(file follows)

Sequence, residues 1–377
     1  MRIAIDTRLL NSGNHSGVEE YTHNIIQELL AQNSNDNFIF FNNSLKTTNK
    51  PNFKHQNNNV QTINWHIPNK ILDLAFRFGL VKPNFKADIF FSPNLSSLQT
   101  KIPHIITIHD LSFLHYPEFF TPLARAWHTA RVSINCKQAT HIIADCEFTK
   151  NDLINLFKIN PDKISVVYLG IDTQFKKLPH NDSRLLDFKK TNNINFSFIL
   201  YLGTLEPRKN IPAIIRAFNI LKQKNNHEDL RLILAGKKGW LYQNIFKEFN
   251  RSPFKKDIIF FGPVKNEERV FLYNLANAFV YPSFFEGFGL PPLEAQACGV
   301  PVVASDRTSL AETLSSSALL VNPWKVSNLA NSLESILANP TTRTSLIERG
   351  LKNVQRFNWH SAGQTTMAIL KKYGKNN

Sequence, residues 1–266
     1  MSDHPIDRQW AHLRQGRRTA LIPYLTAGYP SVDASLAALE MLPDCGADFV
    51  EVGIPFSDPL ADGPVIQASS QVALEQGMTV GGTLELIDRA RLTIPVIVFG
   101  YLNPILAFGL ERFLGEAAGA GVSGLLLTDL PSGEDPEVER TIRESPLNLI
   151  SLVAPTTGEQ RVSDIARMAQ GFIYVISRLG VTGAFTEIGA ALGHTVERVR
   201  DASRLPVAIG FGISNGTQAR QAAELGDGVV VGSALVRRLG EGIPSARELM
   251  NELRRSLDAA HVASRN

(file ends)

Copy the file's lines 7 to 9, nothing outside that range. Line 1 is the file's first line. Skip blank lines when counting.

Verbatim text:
   251  RSPFKKDIIF FGPVKNEERV FLYNLANAFV YPSFFEGFGL PPLEAQACGV
   301  PVVASDRTSL AETLSSSALL VNPWKVSNLA NSLESILANP TTRTSLIERG
   351  LKNVQRFNWH SAGQTTMAIL KKYGKNN